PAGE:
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Refugees and Forced Displacement

The issue of refugee has been lingering in the world for a long time since the war phenomenon was discovered; refugees are people that flee from their countries if they see the condition of their original countries are unfavorable. The fleeing can be caused by unfair treatment, discrimination or many other small and large factors like employment opportunities.

The recent surge in the number of refugees who cross international borders in pursuit of protection has propelled interest in evaluating policies that reach the possible endpoints of the phenomenon.

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As prescribed by United Nations High Commissioner for Refugees (UNHCR), there steps to follow when a refugee crisis emerges; they are; integration of the refugees in the country of destination, their relocation in a third country if the number grows and return to their origin country when the situation is controlled.

This topic has always been discussed on humanitarian grounds that are most of the time sentimental to the affected; refugees and does not consider the economic effects of that the refugees have on the host economies and the lives of the natives. This is the main focus of the paper and it will further propose and weigh policies that should be implemented so as to ease the bad effects or maintain if not grow the positive effects.

In this paper we are going to examine the economic effects of refugees on host countries. The European Union has estimated that over a million refugees have been rejected asylum seekers and been ordered to return to their original countries; this is a statistics from Europe alone. To these could be added refugees that have been given temporary shelter but who could be asked to return once conditions in their home country improve.

The debate on returning asylum seekers and refugees is nearly always cast in political, legal and humanitarian terms. This paper looks at the question of return strictly from the economic perspective in the advanced countries that receive refugees: is return in their economic interest? When we consider all main economic aspects – economic growth, fiscal, and labor market impact – the obvious answer that most advanced countries have is no. The hosting cost of refugees is considerable as the benefits are more when looked at from a long term perspective.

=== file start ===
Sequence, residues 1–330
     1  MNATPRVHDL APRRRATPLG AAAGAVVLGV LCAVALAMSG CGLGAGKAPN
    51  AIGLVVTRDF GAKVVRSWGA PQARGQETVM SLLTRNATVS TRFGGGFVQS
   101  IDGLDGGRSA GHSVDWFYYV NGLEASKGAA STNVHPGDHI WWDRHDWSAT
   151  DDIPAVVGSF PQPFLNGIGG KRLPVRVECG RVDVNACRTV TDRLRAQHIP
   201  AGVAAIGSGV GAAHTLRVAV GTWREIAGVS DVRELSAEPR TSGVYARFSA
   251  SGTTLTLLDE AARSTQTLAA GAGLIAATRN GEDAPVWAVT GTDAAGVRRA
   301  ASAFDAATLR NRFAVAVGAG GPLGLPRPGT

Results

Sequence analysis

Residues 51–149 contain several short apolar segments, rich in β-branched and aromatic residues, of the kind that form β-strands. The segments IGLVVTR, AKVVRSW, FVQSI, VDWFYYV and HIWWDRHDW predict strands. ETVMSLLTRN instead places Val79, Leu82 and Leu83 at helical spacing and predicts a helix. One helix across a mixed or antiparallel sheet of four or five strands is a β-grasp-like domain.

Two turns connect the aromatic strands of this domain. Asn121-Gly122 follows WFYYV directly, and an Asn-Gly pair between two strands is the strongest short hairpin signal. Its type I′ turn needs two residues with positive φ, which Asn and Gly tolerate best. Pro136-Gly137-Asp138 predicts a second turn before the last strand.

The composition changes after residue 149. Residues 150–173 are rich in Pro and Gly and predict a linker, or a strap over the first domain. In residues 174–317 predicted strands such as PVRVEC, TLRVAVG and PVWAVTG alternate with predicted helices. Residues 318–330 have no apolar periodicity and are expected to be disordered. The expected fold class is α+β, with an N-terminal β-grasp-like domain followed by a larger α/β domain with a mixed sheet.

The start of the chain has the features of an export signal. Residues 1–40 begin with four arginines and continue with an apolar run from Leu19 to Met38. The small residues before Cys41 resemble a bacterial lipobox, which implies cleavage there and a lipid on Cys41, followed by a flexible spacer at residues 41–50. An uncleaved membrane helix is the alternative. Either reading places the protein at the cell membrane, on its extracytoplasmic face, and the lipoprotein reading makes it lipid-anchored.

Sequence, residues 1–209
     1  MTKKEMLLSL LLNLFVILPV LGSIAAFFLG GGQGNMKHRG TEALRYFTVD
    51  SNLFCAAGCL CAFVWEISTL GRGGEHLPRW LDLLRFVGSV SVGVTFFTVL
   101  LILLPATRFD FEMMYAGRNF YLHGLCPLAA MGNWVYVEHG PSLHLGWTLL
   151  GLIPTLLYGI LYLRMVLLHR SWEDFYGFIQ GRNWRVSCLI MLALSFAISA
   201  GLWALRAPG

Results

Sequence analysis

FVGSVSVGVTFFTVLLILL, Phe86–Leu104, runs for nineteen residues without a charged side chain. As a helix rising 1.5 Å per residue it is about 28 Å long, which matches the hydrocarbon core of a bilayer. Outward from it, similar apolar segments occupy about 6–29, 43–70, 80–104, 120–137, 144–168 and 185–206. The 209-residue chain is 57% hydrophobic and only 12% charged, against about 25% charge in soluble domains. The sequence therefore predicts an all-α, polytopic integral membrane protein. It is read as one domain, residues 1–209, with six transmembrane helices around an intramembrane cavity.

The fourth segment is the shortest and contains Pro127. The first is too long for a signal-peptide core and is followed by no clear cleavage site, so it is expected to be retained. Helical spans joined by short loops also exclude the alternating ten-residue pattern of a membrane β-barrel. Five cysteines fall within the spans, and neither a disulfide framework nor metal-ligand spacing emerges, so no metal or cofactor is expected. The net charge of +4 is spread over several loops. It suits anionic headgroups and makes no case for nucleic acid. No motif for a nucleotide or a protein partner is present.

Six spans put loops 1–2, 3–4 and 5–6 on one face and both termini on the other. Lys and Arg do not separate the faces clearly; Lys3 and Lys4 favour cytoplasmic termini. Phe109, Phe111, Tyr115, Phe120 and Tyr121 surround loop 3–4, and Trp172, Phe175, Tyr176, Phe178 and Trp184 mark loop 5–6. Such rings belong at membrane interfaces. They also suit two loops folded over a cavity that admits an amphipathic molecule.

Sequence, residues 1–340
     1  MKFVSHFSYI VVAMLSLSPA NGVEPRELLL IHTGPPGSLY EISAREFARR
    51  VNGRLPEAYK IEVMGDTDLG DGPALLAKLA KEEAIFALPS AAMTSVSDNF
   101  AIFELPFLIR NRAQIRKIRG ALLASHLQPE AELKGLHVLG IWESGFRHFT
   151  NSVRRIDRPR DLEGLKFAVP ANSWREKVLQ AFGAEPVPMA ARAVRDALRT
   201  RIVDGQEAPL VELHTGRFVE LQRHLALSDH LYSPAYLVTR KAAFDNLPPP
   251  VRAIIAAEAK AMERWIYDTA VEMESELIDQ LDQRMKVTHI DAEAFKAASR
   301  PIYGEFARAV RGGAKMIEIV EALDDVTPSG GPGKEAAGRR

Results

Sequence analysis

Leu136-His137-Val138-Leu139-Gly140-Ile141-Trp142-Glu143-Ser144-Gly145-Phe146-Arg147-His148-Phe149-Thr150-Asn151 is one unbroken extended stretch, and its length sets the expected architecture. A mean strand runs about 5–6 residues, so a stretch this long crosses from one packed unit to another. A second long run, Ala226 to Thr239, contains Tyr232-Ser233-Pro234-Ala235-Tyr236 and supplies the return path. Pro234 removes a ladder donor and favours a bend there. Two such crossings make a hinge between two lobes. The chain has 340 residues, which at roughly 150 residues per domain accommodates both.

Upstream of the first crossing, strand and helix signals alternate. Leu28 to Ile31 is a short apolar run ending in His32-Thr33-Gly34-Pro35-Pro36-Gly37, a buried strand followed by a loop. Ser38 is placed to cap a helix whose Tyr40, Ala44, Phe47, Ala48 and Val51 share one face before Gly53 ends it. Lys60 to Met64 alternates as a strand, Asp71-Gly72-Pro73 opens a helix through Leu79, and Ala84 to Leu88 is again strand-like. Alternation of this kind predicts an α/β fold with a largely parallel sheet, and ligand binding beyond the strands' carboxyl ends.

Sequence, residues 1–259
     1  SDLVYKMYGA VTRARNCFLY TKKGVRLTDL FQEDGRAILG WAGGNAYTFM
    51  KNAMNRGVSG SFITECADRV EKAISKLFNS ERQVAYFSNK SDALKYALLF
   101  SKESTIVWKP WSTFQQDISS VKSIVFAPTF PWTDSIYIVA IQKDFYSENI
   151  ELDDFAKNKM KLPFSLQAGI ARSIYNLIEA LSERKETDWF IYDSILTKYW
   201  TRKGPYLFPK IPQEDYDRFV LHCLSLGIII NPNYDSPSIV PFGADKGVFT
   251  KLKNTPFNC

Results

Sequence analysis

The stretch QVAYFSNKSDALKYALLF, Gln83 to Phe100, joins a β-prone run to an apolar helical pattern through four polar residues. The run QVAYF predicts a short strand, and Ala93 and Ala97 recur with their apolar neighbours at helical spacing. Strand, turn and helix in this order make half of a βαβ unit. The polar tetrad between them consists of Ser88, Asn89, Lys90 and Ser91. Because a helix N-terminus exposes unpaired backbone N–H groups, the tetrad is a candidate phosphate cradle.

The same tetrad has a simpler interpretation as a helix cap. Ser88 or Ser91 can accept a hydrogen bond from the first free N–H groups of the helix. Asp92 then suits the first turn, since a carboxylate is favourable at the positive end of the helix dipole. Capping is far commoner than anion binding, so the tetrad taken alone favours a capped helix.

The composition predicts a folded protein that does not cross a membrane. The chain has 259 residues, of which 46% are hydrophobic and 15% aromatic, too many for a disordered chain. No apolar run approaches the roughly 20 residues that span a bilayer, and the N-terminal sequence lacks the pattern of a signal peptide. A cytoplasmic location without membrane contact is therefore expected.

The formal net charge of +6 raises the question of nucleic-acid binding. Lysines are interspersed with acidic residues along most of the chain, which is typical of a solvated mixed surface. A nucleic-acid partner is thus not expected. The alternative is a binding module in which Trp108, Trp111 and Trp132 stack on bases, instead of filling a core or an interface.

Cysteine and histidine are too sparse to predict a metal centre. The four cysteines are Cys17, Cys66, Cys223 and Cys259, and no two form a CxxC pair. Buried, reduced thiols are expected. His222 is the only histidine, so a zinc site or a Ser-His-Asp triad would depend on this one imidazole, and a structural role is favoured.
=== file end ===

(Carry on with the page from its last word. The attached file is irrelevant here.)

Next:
This paper also argues that; basing on economic grounds alone, the statistics show that mass voluntary return of the refugees to their original country is highly unlikely even when conditions averagely improve. The main focus of host countries has now shifted from one that is totally inclined to return of the refugees to one that is more considerate of the economic advantages that they come with.

According to the latest EU Action Plan on Return done in 2017, during 2014-2015 just over 1 million unplanned for migrants were rejected in the European Union alone. The EU received around 2.6 million asylum applications for refugee from war torn states; below 60% were accepted in the first case, showing that maybe as many as 1 million asylum applicants could be ordered to return. According to the latest World Bank migration brief (2017) in the EU, the number of potential returnees – those denied asylum and other detected undocumented migrants – rose from 1.4 million in 2011 to over 5 million in 2016. In the United States, the stock of potential returnees rose from around 1.5 million in 2011 to 3 million in 2016.

At the same time, actual return rates remain well below prescribed return line. Though not the main object of this paper, return policy also deals with large blocks of immigrants who come irregularly for family or economic reunification reasons and do not apply for asylum and further touches to the return of migrants who arrive legally but refuse to go back after their visas expire. It is important we touch on this issue as it is the employability factor that decides if the asylums seeker is accepted by the host country or not.